Snowslide Peak is one of the main peaks along the Lick Creek road. Like many of the Lick Creek range peaks, it has a broad, gentle southern aspect and a precipitous north face.
North face cliffs
This area does not get a lot of traffic. And it gets almost no maintenance from the Forest Service. So it's a rough hike and wild country.
However, this area is truly beautiful, and once one gets to know the lay of the land, you can traverse and wander to your heart's content. Note: wandering without a good map can lead one to getting treed in cliffs or stream beds.
In normal years, the road to the trailhead is inaccessible until mid-June due to snow. Snow closes the road again in late November. In the fall, be aware of big-game hunters.
First, get to McCall. Either take Highway 55 north for about 100 miles from Boise, or come south from Riggins and New Meadows. From downtown McCall, take the Lick Creek road, also signed as the turn for Ponderosa State Park. Turn right after the golf course, then take another right off the pavement (signed) in about three miles.
From downtown McCall, it is about 15 miles to the Snowslide Lake trailhead.
The road can be rough, but it's generally passable for any vehicle.
Note that trail conditions in this area vary from wonderful to undiscoverable, sometimes in the space of a few hundred yards. Basically, the Payette National Forest doesn't expend a lot of energy toward people who aren't using motor vehicles.
No red tape. Parking at the trailhead is limited.
South-side snow climb
The closest official campground is the Lake Fork Creek campground, about 5 miles before the trailhead. The campground is quite nice (although primitive), but also quite popular. Normal Forest Service fees etc. apply.
However, there are numerous unofficial campsites along Lake Fork Creek.
Or you can stay in McCall at either one of the many hotels, or try Ponderosa State Park (usually requires reservations).[img:526435:alignright:small:Snowslide Lake]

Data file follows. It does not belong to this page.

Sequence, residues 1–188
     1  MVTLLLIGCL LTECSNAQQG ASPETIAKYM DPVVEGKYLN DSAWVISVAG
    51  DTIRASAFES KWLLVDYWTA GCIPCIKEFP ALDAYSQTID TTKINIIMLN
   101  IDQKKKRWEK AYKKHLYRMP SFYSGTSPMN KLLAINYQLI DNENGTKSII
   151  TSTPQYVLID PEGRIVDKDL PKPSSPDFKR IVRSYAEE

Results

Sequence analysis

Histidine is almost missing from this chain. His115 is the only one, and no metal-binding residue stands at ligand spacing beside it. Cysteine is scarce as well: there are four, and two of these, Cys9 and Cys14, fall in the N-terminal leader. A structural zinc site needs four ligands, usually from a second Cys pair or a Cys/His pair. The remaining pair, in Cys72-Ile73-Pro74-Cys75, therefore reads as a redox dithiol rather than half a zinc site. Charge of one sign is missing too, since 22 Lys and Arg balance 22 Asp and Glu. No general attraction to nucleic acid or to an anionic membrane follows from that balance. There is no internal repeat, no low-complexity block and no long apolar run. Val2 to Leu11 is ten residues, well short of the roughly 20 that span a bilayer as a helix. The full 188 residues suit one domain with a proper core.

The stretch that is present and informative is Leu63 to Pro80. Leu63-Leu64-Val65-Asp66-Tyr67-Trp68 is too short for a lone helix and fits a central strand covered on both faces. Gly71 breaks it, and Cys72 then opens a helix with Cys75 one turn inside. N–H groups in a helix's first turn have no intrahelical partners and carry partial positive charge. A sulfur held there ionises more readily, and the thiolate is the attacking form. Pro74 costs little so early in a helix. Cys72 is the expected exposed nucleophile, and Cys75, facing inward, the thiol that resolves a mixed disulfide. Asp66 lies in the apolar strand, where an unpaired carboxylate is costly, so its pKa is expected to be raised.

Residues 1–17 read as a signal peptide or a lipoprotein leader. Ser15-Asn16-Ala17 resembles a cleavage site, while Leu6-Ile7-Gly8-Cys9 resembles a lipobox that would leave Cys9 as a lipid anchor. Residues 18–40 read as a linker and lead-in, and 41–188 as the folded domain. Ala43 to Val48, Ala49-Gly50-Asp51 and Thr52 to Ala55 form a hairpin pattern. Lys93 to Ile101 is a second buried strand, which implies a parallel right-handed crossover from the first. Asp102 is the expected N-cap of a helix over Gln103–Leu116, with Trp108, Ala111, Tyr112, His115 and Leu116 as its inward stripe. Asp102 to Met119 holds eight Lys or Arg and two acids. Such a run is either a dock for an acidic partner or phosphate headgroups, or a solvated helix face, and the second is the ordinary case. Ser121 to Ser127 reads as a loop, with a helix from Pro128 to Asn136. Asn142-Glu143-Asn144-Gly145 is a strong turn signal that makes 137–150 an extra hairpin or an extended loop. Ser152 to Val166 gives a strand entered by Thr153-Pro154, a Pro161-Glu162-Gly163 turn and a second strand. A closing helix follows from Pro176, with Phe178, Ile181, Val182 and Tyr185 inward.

The map shows a Black Lee campground, but it's mostly just a dirt pull-out, and not recommended.
External LinksPayette national Forest
City of McCall
splattski trip report
Brundage Mountain web cams (including McCall)
Idaho road conditions
For additional information on this climb and other peaks in the area, please see Tom Lopez's excellent book, Idaho: A Climbing Guide.[img:526431:alignright:small:South-side snow climb]
Snowslide Peak can be accessed from a number of ways, and climbed from a number of directions.
• Main route climbs the Class 3+ northeast ridge from Snowslide Summit (pass).
• It's an easy Class 2 scramble and bushwack from either the northwest ridge or from the south
• There is a Class 5 route up the north face. This route is not recommended due to rock conditions, but it must have been exhiliarating for the first-ascent party!
• The normal access is up the Snowslide Lake trail. The quality of the trail varies because it is basically unmaintained and go through some rugged terrain. It's about 1.5 miles and 1300' gain to the lake. From there, a similar-quality trail (although the vegetation is much less) climbs to Snowslide Summit in 0.75 miles and about 700' gain. Another 0.75 miles and 500' gain gets you to the top of the peak. This last section involves soem scrambling a can be a bit exposed depending on your route.
• The Class 2 scramble can be done from Snowslide Lake by crossing the inlet and hiking up the forested northwest ridge and south side. You can also get to the south side easily from Golden Lake, but getting to Golden presents its own problems.
• Snowslide Summit can be reached on a trail from Maki Lake. This trail originates at the Lake Fork Creek campground. [img:526436:alignright:small:Main route]